US corporate debt soars to record $ 10.5 trillion


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According to a new Bofo Global Research report, US corporations now pay a record $ 10.5 trillion to creditors, either in the form of bonds or loans, a 30-fold increase over a half-century.
By far, the biggest hoax of debt by US companies has been extracted from AAA with BBB’s high “investment-grade” credit rating, a segment of the market where lending has more than doubled in the past decade to nearly $ 7.2 trillion.

High ratings should be a good thing for creditors, especially if US corporations operate as expected by investors, and may begin to pay off their debt after better managing the health hazard of COVID-19 Are, the economy recovers and corporate income withdraws.
However, half or $ 3.6 trillion of investment-grade corporate debt remains within the bordering BBB credit-rating category, only a few notches from speculative-grade or “junk” sector.

There has been a long-standing concern among investors that an economic downturn or a continuous cycle of BBB downgrades by credit-rating firms could lead to a decline in the junk-bond market, which is about 250% smaller than the BofA BBB segment .
Certainly, the outlook for corporate debt has brightened since March, when it sold for the first time buying corporate debt, including the central bank’s historic leap to keep debt flow during the epidemic of the Federal Reserve’s emergency funding programs Was.
The impact of demonetisation has led to a flood of capital in the US corporate debt sector, including individual investors in bond funds and exchange-traded funds and foreign buyers looking for yields, which have kept the debt market liquid.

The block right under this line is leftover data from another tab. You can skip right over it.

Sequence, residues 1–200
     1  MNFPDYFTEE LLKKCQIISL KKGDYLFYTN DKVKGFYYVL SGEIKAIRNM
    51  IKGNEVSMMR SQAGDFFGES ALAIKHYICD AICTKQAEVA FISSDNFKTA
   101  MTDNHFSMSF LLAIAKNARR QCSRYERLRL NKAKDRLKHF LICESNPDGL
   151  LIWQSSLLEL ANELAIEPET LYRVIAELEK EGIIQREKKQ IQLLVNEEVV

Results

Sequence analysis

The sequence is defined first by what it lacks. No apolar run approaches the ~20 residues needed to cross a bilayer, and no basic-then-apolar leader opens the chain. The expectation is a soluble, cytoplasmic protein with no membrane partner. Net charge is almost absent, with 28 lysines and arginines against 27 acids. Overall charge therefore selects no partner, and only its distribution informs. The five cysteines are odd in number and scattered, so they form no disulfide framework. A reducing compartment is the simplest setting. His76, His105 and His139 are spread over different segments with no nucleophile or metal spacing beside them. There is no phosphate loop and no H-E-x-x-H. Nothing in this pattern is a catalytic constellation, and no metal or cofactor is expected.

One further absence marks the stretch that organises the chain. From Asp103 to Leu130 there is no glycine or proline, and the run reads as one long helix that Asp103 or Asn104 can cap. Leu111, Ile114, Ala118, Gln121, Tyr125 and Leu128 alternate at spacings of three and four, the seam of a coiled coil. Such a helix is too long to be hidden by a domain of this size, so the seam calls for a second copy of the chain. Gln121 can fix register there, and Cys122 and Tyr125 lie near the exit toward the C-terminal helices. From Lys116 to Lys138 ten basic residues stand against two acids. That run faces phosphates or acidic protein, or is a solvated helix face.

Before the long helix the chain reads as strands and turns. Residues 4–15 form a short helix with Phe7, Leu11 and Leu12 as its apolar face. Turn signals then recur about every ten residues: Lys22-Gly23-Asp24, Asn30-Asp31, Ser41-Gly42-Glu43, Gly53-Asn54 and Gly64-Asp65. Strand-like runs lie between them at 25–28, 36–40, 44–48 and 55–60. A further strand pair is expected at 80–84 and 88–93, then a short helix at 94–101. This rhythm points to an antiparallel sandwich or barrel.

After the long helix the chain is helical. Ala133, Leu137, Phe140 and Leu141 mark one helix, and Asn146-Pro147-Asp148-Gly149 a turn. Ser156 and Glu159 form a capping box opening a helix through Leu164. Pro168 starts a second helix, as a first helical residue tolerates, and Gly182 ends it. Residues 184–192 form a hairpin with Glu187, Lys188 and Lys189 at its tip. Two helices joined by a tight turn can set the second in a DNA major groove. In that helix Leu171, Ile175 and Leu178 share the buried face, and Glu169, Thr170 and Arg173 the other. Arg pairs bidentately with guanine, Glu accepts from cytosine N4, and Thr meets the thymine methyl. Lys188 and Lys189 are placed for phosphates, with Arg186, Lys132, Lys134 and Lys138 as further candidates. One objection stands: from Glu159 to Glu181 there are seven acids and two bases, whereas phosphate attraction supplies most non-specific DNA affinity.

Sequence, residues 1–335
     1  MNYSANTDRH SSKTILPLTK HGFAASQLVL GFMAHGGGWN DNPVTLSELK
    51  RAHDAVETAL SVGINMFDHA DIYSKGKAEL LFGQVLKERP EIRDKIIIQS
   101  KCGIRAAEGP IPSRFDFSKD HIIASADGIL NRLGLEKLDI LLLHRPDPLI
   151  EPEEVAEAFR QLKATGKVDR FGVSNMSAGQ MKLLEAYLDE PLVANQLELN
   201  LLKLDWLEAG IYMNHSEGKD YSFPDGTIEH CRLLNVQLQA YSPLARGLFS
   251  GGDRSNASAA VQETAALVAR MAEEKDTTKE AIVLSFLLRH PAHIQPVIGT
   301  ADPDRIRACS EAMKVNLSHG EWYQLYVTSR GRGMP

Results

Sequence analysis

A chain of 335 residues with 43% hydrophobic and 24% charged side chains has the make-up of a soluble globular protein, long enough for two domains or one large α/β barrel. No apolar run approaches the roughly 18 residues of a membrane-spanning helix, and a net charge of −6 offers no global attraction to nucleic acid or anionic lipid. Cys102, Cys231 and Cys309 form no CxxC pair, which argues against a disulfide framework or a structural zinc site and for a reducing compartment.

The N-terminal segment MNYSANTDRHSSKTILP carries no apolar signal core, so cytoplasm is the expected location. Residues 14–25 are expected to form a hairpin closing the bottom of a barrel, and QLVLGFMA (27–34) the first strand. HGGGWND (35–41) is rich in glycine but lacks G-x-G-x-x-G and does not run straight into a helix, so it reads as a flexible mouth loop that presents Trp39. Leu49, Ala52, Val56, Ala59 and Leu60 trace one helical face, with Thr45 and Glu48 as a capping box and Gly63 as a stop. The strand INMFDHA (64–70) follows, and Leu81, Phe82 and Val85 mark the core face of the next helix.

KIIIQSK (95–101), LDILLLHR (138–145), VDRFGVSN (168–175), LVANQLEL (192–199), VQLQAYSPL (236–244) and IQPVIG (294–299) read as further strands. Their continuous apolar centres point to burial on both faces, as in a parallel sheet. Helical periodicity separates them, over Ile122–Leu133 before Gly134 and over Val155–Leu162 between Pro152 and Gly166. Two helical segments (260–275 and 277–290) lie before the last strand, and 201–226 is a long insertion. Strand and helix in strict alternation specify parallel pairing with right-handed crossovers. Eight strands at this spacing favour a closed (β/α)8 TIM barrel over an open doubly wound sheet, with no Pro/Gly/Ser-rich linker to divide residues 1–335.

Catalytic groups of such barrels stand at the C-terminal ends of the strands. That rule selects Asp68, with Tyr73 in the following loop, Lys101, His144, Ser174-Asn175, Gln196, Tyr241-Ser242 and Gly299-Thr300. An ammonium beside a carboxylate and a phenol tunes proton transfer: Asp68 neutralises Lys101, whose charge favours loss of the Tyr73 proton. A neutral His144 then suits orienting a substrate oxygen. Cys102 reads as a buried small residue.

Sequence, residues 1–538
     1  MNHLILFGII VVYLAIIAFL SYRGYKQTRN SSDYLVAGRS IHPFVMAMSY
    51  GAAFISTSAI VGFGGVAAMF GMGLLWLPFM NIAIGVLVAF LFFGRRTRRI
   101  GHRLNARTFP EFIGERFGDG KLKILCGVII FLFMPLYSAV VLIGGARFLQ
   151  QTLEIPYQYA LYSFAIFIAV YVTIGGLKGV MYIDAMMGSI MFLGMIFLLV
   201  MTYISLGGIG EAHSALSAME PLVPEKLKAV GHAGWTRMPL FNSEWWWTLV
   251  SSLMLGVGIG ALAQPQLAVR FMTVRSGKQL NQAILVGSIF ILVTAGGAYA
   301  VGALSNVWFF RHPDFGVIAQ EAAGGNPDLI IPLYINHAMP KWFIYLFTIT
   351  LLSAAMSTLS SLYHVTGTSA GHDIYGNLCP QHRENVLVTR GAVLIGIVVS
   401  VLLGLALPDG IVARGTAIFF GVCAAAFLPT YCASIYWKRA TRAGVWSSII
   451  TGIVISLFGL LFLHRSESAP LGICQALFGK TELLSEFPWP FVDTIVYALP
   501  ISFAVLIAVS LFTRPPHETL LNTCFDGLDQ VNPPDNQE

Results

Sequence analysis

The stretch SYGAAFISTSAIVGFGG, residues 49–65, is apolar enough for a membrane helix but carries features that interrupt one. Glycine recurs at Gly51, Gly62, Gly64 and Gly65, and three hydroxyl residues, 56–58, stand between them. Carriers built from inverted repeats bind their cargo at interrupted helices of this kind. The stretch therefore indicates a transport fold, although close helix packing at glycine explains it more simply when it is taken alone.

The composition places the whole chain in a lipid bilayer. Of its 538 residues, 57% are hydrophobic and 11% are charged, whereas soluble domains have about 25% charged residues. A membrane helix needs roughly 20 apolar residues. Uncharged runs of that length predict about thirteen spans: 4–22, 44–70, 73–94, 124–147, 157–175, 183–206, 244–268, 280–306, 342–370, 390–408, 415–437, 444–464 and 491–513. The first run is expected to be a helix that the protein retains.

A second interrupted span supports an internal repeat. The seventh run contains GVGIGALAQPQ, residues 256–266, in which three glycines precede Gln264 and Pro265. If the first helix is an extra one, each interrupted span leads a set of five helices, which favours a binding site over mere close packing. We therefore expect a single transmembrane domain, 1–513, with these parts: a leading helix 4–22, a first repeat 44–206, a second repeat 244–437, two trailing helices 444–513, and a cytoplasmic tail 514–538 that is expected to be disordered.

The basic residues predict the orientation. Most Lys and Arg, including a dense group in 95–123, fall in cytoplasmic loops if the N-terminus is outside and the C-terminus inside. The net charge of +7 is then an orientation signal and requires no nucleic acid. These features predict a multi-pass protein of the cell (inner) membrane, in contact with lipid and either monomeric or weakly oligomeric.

This chart breaks ownership of the US corporate bond market as of the first quarter of 2020.

Of note, the pie chart so far includes owners of a flood of new debt issued by US companies at ultra-low lending costs during the second quarter, as the epidemic bored over North America and left companies offset Cash is to be hoarded. There are many quarters of weak corporate income.
Read: A binge? Bulge? Or just a new normal for debt in the US helps the string of records as the Fed
However, it showed that earlier this year, foreign investors were the largest holders of the pie, owning 27% of US corporate debt. He was followed by funds including mutual and exchange-traded funds with 22% shares.
Another major aspect of the decade-long corporate debt boom is the growing role of exchange-traded funds (ETFs), or funds that advertise daily liquidity in the market, even though their underpinning assets may be notorious.
However, for the most part, the largest US corporate bond ETFs performed as expected during the worst of the coronovirus-triggered downward spiral and subsequent recovery, the fastest on record for major US stock indexes.
Capping five strong months of gains, the S&P 500 Index SPX,
-0.21%
And the Dow Jones Industrial Average DJIA,
-0.78%
Booking their best August returns in 36 years closed on Monday.
BofA’s credit team, led by Hans Mikkelsen, has become increasingly popular this year with fixed-income ETFs, including shares dedicated to high-class corporate bonds, to 12.4% trading volumes relative to bonds already in place this year. are grown. From 1.6% in 2010.
Specifically, in investment-grade corporate bonds, his team accounted for nearly half of the daily ETF trading volume in the iShares iBoxx UDS Investment Grade Corporate Bond ETF LQD worth $ 57.4 billion,
+ 0.44%.

Hardly, in the last three months, the Fed was the largest holder of the LQD of 17,861 shares, according to FactSet data.

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